Questions Linger for the Media

Albert Mohler | President, Southern Baptist Theological Seminary | Thursday, November 13, 2008

Questions Linger for the Media


November 13, 2008

In the aftermath of the recent election the media, along with the rest of the society, are scrambling to make sense of it all.  This has led to some interesting approaches and news stories.  I recently was asked by TIME magazine and The Wall Street Journal to comment on the issues of same-sex marriage and abortion in the aftermath of November 4.

Michael Lindenberger of TIME wanted to talk about what the election meant for the issue of same-sex marriage.  His questions came right after proponents of gay marriage, stung by their defeat on California's Proposition 8 vote, appealed to the court to overturn the amendment.

He reported:

The request is directed at the same court that in May issued one of the most sweeping declarations of fundamental gay rights in U.S. legal history, making same-sex marriage legal by a 4-3 vote. The Republican-dominated court could decide by the end of this week whether to rule on the request for a stay or send it to a lower court first. But whatever the merits of the legal challenge, the court will face enormous pressure as it deliberates.

"If the California Supreme Court were to issue a ruling that would invalidate the will of the people, the consequences for the court would be momentous," the Rev. Albert Mohler told TIME over the weekend. Mohler, president of the Southern Baptist Theological Seminary in Louisville, Ky., and one of the nation's leading Evangelical voices, called such a "usurpation" hard to fathom. Imagine, he said, how much more controversial Roe v. Wade would be now had the court issued the decision after more than half the states had held statewide elections on the issue. "Tuesday's rulings have made it much more costly for any court to reach a conclusion in favor of gay marriage," he said.

I stand by that statement.  The California Supreme Court is expected to respond to the question within the week, and that will tell us a great deal about where this issue now goes in California.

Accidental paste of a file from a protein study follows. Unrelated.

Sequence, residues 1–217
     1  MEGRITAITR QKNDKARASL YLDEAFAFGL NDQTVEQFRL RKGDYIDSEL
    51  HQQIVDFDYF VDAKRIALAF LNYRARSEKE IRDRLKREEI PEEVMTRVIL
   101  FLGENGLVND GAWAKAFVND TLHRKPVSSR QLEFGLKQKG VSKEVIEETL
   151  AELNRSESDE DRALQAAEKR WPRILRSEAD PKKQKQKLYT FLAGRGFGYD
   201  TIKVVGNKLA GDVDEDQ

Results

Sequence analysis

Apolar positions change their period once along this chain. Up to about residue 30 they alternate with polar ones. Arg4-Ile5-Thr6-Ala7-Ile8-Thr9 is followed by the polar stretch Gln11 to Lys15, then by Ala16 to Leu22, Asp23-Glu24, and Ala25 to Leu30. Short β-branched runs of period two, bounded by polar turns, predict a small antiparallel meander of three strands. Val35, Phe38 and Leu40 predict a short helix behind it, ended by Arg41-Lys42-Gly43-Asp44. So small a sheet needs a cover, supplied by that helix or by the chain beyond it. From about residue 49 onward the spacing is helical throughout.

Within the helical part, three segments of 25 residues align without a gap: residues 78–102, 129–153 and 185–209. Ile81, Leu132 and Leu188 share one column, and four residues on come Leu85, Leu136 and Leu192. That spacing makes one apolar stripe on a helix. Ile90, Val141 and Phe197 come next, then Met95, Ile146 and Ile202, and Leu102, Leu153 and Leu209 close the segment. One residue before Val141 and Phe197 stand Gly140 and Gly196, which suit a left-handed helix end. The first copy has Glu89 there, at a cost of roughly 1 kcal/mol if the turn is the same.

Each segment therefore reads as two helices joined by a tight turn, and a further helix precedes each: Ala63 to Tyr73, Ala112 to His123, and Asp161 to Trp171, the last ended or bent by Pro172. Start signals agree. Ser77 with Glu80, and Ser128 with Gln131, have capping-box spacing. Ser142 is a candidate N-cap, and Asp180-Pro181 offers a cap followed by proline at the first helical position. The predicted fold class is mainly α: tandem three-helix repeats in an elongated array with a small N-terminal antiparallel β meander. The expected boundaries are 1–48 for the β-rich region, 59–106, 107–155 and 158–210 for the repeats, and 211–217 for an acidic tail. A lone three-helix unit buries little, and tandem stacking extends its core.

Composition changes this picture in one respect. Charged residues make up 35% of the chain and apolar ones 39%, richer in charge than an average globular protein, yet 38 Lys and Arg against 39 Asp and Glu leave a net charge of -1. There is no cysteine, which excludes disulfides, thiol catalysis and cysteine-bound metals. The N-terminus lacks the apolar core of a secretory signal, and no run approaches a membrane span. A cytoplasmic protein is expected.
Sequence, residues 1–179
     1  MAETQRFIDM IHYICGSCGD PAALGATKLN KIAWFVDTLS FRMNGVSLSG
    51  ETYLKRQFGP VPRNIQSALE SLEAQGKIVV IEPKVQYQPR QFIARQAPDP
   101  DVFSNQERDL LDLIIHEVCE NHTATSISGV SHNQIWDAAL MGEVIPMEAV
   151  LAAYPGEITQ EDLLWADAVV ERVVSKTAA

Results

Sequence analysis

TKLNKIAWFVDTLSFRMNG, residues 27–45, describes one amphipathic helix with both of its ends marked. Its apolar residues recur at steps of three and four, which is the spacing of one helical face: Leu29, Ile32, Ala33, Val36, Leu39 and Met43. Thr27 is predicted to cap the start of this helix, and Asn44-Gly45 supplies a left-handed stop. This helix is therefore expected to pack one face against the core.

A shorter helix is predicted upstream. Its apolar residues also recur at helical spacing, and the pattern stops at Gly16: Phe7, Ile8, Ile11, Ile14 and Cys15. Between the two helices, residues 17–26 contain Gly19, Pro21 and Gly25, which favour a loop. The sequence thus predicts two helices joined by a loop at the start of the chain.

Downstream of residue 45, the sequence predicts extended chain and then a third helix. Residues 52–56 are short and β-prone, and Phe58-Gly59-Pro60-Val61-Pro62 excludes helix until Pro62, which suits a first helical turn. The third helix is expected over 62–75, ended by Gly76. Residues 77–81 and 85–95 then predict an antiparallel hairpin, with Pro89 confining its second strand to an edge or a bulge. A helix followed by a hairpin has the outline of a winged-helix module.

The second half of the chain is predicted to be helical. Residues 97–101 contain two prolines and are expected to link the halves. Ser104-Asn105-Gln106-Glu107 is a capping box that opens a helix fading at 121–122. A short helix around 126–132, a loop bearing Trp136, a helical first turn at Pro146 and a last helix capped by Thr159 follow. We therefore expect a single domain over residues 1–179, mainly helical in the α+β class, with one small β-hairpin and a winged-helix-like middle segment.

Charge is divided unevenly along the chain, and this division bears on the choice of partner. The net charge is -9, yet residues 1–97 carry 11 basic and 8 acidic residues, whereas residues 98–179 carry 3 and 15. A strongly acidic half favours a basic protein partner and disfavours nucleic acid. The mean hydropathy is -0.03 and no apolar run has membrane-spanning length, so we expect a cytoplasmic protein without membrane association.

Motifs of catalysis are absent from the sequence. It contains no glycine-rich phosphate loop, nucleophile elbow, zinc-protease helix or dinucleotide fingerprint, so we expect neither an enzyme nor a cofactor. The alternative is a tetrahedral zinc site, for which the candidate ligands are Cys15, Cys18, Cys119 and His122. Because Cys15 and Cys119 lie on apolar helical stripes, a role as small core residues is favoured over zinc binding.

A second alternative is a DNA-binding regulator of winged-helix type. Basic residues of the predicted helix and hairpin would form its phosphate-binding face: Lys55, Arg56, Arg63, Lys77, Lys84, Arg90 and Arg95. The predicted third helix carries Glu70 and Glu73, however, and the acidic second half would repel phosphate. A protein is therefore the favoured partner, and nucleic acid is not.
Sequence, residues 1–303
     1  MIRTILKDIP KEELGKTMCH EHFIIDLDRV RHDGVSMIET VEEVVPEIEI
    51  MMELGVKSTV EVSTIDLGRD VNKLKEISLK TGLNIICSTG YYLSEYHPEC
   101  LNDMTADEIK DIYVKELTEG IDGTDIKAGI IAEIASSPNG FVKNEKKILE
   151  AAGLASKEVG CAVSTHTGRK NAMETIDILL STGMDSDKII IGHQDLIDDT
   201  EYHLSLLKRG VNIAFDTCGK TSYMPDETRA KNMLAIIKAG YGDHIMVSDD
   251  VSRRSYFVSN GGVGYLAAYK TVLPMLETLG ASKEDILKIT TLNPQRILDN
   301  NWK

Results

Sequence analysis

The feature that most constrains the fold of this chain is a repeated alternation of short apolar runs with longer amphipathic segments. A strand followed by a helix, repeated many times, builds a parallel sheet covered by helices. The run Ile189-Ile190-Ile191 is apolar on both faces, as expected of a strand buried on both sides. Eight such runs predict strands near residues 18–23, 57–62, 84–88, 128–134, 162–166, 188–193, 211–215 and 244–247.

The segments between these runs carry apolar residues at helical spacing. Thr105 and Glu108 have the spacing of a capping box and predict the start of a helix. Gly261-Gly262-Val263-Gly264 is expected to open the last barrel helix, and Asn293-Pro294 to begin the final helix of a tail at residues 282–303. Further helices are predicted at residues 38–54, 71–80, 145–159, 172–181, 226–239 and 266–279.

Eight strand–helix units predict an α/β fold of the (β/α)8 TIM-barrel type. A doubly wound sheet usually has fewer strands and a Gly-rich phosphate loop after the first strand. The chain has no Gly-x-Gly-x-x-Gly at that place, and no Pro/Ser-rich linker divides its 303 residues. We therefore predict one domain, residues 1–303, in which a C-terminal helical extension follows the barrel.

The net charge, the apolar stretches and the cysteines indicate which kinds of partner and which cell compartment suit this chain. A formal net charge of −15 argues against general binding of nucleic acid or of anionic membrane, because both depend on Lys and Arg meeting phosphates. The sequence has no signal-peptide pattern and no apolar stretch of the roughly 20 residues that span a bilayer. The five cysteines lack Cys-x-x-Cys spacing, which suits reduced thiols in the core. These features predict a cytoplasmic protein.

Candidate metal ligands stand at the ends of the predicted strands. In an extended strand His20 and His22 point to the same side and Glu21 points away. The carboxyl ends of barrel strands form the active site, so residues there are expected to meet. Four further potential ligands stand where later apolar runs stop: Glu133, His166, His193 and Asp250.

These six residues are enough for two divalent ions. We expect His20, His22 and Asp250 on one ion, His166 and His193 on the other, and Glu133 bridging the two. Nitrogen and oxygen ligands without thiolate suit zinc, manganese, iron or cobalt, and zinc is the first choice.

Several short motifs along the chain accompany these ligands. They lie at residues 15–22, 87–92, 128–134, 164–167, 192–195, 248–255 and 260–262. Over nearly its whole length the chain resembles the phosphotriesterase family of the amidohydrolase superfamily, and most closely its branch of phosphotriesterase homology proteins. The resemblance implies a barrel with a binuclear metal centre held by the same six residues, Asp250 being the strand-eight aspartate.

In a fascinating twist, Lindenberger reports that some gay rights activists now want the issue to be dropped in favor of other priorities.  He reported on a phone call that included more than 100 activists and legal scholars who support same-sex marriage.  "The mood was dour," he revealed.  But this is the really interesting part of this section of his article:

Longtime gay rights advocate Dean Trantalis of Fort Lauderdale, Fla., and others on the conference call expressed concern that the gay rights movement had become too focused on marriage, and is now paying the price in other more critical areas. "Marriage was never our issue," Trantalis said. "It was thrust upon us by the other side, and they've done a very good job of beating us up over it.

What is Dean Trantalis saying here?  Is he saying that opponents of same-sex marriage "thrust" the issue upon gay rights activists?  The "other side" forced the issue?  I have no idea what he could be talking about here.  Defenders of natural marriage did not force this issue upon anyone.

I do understand what he means when he says that "the gay rights movement had become too focused on marriage."  It was this movement that made marriage the flash point, hoping that acceptance of same-sex marriage would break down remaining barriers to the full normalization of homosexuality within the society.

Stephanie Simon of The Wall Street Journal wanted to talk about the abortion issue.  She is certainly correct to point out that the pro-life movement (which she calls the "anti-abortion movement") "was dealt sharp setbacks in last week's election."

Not only was a pro-abortion candidate elected President, but all three state ballot questions related to abortion were shot down.  Ms. Simon describes the divide now evident between those in the movement who still intend to work for the outlawing of abortion and those who now call for a softer approach, hoping to reduce the number of abortions through social programs and counseling.

As she reported my comments:

"It could be we're at a tipping point in this culture," said R. Albert Mohler Jr., president of the Southern Baptist Theological Seminary. "Ignoring the obvious will not help."

Count me among those who believe that we cannot now step back and negotiate how many abortions we are willing to settle for in order for this issue to just go away.  I reject the argument put forth by those who say we should not just step back and accept legal abortion on demand as a permanent reality and move on.

My friend Mark Dever put that argument in its place in his comments included in the article:

"It's like saying, 'Let's work to make sure they kill fewer Jews in the concentration camps this year,"' said the Rev. Mark Dever, a pastor in Washington D.C.

Who could live with that?  We should rejoice when any mother chooses to keep her child, but this is not where we can stop.  Fewer abortions is not good enough.

These articles indicate something of the soul-searching that has begun among those on all sides of these contentious issues.  This is no time to take a sabbatical from attention to these crucial questions.


In addition to being one of Salem’s nationally syndicated radio talk show hosts, R. Albert Mohler, Jr. is the president of The Southern Baptist Theological Seminary in Louisville, Kentucky and recognized as one of America’s leading theologians and cultural commentators. Contact Dr. Mohler at mail@albertmohler.com.  

Comments

Top 25 Topics

OUR PARTNERS